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Malta Urges the ICC to Hurry Up Its War Crimes Probes in Palestine


Vanessa Frazier, Ambassador of Malta to UN
Ambassador Vanessa Frazier of Malta detailed to the press her country’s plans presiding over the Security Council in April 2024. Frazier is one of five women envoys in the Council, and she successfully led a resolution calling for a pause in fighting in Gaza in November by focusing on the plight of children. “Children are affected more in Gaza, and as women, it affects us too,” she said in an interview with PassBlue. “Men want to end the war, women want to make peace. There is a difference.” JOHN PENNEY/PASSBLUE

Malta has joined the growing voices of countries calling on the International Criminal Court to carry out prosecutions should the court’s investigations in Palestine prove that war crimes have been committed in Gaza and elsewhere in the occupied territories. Palestine is also planning to re-up its UN member application from 2011 this month, according to several diplomats. 

Vanessa Frazier, Malta’s permanent representative to the United Nations, said her country, a member of the European Union, is counting on the court to continue its inquiry and, if it finds evidence of guilt, to prosecute relevant parties or individuals.

Malta is rotating president of the UN Security Council in April, its second time at the helm since February 2023, when it concentrated on rising sea levels as its signature debate. She told reporters on April 1 that she has learned in in the last year that elected members can be a “force to reckon with if they are united” and that the threat of a veto in the Council can leave room for serious negotiations. (She said she even dressed as a veto for Halloween.) What she also learned, jokingly, is that she’s a year older and “all my hair is white.”

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The quest to have the ICC probe for possible war crimes committed by Israel in Palestinian territories started as a preliminary examination in 2015 to determine whether an investigation was warranted, although Israel was never named as the perpetrator. Early that year, Palestine accepted the jurisdiction of the ICC over alleged crimes committed “in the occupied Palestinian territory, including East Jerusalem, since June 13, 2014,” and by April 2015, Palestine became a member of the court.

Three years later, a referral was made by Palestine for the court to look into crimes allegedly committed since June 13, 2014, in the territories. In 2019, the prosecutor at the time, Fatou Bensouda, concluded that the criteria for an inquiry had been met. The next steps stalled. 

In March 2021, Bensouda initiated an inquiry to ascertain “the situation” in the occupied territories, including the West Bank and East Jerusalem. In response to an email from PassBlue seeking an update on the investigation, the office of the current prosecutor, Karim Khan, said, in part: “The Office considers that there are reasonable grounds to believe that Rome Statute crimes have been committed in the situation in the State of Palestine, as well as in Israel, and is using all available means to ensure meaningful accountability with respect to all crimes.” (Full ICC statement.) Khan became prosecutor in June 2021.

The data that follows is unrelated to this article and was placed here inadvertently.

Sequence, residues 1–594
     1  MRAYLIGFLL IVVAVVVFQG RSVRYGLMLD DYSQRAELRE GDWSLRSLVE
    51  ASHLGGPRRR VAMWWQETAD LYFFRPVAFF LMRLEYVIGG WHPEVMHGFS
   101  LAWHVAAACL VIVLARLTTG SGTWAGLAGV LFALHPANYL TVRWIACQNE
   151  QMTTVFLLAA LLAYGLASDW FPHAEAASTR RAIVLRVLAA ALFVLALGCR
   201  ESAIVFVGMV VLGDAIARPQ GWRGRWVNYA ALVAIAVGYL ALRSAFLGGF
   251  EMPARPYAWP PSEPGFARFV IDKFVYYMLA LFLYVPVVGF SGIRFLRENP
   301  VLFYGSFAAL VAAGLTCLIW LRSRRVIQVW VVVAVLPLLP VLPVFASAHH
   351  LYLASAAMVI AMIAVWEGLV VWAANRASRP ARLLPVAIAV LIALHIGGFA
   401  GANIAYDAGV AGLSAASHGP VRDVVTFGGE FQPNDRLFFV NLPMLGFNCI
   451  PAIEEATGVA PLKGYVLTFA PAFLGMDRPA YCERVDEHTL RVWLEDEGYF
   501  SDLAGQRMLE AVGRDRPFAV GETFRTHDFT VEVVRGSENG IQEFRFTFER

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“Malta is a great supporter of the judicial institutions of the United Nations as a founding member of both ICJ [International Court of Justice] and the ICC,” Frazier told PassBlue in an interview on March 27, discussing Malta’s agenda in April as Council president and other geopolitical matters. “We urge the Prosecutor Karim Khan to conduct the investigations properly, and where he finds war crimes, he should prosecute. Our position is in support of the judicial institutions.”

In January, the ICJ ordered Israel to guard against any act that might be considered a violation of the Genocide Conventions, adding that it was “plausible” that the Israeli Defense Forces’ actions in Gaza could amount to genocide. On March 28, the world court ordered more provisional measures, mandating Israel to allow unhindered access to “urgently needed basic services and humanitarian assistance.” 

The new measures were a result of South Africa’s request for modification to the Jan. 26 order. The court said the previous orders did not address the changing situation in Gaza. Recently, the UN Relief and Works Agency for Palestinian Refugees, or UNRWA, warned that time is running out to avert famine in the Gaza strip as aid delivery becomes tougher. (In fact, cases of famine are being recorded.) 

In November 2023, five countries — Bangladesh, Bolivia, Comoros, Djibouti and South Africa — sent a referral to Khan’s office regarding possible war crimes being committed in the occupied territories. The investigation by the ICC into the case of Palestine that began in March 2021 by Khan now extends “to the escalation of hostilities and violence since the attacks that took place on 7 October 2023,” the court noted.

Two months later, in January 2024, Chile and Mexico joined the chorus of referrals of Palestine to the ICC, building up the push for the investigation to be carried out without delay. Israel is not a state party to the court, however, which means that it can only investigate and prosecute individuals and not the country. Additionally, a country that is not a party to the Rome Statute governing treaty has no obligations toward the ICC. Benjamin Netanyahu, Israel’s prime minister, and other top officials deny allegations of war crimes.